The speaker paused. Mrs. Walters loved the speakers in this movement. She cradled her pudgy child, Ethel, who was now dangerously moist. She was almost four but sometimes during great excitement accidents occurred. They had told all the mothers to bring their children and to make them as neat and as pretty as possible to show the world what they were trying to save. The children. The future. Tomorrow. That was it. They were simply saving tomorrow.

The thought made Mrs. Walters' eyes water. Something else was wet also. She shifted baby Ethel, who smiled contentedly at a television camera. The camera did not catch the moisture dripping down the mother's arms. Mrs. Walters tried to appear as loving as possible for the media while keeping baby Ethel away from the new print dress that might stain and stay stained.

The handheld camera came closer to her. A young man with beautifully structured hair and an immaculate suit and a very deep voice pushed a microphone in front of baby Ethel.

"And why are you here, child?"

"To stop the bad people," said Ethel. And the blue ribbons and the neat pigtails bobbed. Baby Ethel smiled. She had dimples.

"And you are?" asked the young announcer.

"Mrs. Walters. Mrs. Harry Walters of Haverhill, Massachusetts, and I'm here to protest what's going on here. I'm here to save tomorrow as the speaker just said."

"Save it from what?"

"From bad things," said Mrs. Walters. Baby Ethel reached out for the microphone. Mrs. Walters readjusted the heavy, wet bundle.

"Dr. Sheila Feinberg, the scientist who is conducting today's experiments, says that most of you don't even understand what she is doing."

"I don't understand how the atomic bomb works either but why on earth we ever made one, I'll never know."

"We were at war," explained the announcer.

"Oh, well, it was an immoral war. We had no business in Vietnam."

"We were at war with Germany and Japan."

"Now see how crazy that is," said Mrs. Walters. "They're such good friends. Why did we need an atomic bomb against good friends? We didn't need the bomb and we don't need Dr. Feinberg's plagues and monsters."

"What plagues? What monsters?"

"The worst kind," said Mrs. Walters righteously. "The kind you can't see or don't even know of."

The announcer repeated her name for the camera and sidled around the crowd to an entrance for newsmen and wondered how he could cut the crowd scenes down to twenty seconds. The station was attacking Boston potholes again and their humor announcer, who was as funny as prickly heat, was holding a special summer pothole contest that used up five minutes of air time every night. The whole station was like the Titanic where the band played as the ship went down. A New York firm gave them the snappiest theme song in the country and the station provided the downright stupidest coverage of everything.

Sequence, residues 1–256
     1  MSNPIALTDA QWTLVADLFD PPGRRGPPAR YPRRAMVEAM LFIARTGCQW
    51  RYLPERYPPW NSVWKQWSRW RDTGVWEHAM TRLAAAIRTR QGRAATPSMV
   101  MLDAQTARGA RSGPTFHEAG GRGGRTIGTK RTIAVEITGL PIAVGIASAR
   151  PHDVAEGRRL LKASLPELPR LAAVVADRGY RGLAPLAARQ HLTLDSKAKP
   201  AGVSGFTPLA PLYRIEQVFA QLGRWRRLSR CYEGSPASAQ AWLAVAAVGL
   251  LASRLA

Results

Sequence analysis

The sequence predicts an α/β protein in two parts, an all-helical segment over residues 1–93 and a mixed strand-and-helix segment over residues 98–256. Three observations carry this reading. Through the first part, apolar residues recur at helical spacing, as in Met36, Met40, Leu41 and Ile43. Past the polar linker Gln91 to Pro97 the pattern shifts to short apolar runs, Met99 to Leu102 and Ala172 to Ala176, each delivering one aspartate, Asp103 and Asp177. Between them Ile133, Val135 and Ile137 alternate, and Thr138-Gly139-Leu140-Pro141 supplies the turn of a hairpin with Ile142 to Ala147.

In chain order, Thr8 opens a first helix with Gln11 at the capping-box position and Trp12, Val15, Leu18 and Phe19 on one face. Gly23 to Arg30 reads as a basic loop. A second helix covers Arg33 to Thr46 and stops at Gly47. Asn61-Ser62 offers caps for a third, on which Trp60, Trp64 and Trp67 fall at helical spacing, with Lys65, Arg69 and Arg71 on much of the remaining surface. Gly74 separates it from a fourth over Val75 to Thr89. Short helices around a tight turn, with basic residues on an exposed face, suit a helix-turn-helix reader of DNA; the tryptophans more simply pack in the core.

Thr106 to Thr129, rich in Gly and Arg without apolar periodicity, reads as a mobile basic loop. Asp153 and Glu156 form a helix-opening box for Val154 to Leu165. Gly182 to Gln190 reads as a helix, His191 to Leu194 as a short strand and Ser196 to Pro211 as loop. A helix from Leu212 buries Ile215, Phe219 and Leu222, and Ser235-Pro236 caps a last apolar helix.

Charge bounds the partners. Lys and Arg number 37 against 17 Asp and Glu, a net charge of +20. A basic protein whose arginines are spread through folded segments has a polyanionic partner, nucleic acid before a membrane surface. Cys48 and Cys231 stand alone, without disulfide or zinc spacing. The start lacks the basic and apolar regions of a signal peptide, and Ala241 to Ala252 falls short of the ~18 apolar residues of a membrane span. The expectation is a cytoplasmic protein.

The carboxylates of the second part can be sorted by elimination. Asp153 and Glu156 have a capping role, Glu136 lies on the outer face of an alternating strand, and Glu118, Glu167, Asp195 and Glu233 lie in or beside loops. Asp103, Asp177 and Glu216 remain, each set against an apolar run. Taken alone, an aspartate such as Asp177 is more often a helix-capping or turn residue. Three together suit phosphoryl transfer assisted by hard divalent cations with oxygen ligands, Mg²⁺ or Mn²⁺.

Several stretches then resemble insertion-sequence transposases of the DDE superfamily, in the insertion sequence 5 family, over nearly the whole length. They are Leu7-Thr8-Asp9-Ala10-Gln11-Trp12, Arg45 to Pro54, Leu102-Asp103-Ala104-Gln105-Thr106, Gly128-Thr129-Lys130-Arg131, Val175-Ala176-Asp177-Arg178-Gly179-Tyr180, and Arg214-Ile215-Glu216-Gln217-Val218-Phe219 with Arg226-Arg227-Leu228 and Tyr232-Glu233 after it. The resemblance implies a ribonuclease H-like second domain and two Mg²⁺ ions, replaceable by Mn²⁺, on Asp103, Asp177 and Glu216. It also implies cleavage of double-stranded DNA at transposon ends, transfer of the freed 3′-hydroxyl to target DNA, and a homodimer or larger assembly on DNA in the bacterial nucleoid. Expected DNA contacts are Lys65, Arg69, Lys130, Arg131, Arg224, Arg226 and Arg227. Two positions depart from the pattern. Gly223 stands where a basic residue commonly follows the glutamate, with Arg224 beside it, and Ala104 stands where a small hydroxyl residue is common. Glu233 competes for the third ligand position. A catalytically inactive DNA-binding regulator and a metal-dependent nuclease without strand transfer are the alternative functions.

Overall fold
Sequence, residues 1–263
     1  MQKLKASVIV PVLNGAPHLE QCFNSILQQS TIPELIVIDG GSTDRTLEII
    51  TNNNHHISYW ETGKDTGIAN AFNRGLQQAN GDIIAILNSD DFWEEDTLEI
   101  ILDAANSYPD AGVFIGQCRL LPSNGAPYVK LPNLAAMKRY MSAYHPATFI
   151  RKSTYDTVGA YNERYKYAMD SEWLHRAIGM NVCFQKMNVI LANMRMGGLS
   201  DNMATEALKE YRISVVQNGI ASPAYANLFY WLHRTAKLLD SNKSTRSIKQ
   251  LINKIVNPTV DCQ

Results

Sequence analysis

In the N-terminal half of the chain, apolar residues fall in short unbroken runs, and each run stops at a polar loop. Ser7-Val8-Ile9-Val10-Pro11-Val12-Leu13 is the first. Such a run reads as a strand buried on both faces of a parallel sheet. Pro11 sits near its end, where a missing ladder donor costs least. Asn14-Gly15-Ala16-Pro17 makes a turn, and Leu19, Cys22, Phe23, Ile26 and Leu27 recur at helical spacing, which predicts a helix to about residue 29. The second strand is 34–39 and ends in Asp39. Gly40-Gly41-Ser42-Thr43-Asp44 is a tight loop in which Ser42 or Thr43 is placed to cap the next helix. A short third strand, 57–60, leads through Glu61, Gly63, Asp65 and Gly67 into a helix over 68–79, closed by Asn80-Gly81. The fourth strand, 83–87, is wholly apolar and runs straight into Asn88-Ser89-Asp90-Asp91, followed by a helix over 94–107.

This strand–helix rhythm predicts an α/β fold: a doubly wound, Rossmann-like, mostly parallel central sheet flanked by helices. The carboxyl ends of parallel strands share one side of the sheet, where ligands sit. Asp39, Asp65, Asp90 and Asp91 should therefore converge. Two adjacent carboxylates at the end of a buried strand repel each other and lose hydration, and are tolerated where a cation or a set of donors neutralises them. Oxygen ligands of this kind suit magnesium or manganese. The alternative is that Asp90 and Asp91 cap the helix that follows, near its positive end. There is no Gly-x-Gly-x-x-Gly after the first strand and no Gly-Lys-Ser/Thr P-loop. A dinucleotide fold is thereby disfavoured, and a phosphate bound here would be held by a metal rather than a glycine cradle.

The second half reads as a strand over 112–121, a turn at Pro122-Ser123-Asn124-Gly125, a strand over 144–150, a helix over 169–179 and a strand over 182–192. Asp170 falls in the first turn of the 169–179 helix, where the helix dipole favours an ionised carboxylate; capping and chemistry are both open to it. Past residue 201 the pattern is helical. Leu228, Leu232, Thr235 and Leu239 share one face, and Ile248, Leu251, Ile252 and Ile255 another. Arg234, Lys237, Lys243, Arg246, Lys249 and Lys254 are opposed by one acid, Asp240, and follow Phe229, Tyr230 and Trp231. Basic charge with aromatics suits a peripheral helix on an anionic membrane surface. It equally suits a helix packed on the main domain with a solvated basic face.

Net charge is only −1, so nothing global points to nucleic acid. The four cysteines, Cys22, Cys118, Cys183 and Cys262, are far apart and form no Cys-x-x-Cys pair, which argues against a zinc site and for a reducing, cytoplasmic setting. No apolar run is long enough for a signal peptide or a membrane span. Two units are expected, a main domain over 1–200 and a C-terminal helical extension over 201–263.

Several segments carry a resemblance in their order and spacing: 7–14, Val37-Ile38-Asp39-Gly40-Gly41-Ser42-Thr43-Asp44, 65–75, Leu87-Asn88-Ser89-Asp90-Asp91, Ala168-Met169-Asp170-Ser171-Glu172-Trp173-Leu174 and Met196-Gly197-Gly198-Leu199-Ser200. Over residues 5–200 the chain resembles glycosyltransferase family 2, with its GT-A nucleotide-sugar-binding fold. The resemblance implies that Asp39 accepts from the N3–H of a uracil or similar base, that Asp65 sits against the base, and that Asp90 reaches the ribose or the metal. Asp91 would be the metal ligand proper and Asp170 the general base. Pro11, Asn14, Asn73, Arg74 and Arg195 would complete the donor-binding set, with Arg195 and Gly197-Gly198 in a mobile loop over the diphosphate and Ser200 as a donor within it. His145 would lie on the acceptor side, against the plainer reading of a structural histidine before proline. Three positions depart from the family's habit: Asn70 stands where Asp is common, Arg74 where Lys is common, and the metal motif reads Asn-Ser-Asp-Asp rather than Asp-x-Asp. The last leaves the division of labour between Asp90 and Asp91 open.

Dr. Sheila Feinberg was upstairs under the lights of a rival television station. The announcer waited for them to finish their interview. He felt suddenly very protective of this woman even though she was a scientist. She looked so out of place, sitting there under his channel's lights, waiting for a question. Like the plain, studious girls in school that you just knew would have to settle for some drip of a husband or never get married at all.

Dr. Feinberg, thirty-eight, had a strong, manly nose and a pinched, desperate sort of face, like an overworked accountant who had suddenly forgotten a key set of books and was about to lose a client over it.

She wore a loose, puffy, white blouse, which hid the absence of womanly roundness on her chest, and she had a skinny waist and wide hips under a dark-blue, flannel skirt. She wore plain black shoes with low heals. A desperate cameo brooch on the blouse proclaimed that she was a woman and had a right to wear such a thing, but it seemed as out of place as her new hairdo. It was a pert short cut, similar to one made famous by an ice skater, but on the ice skater it emphasized a cutesy-poo face. On Dr. Feinberg, it looked like a Christmas tree atop a tank turret-a desperately inappropriate piece of gaiety.

Softly, the announcer asked her to explain the demonstration and what she was doing. He also told her that it might be better if she didn't pick at her fingernails when she talked.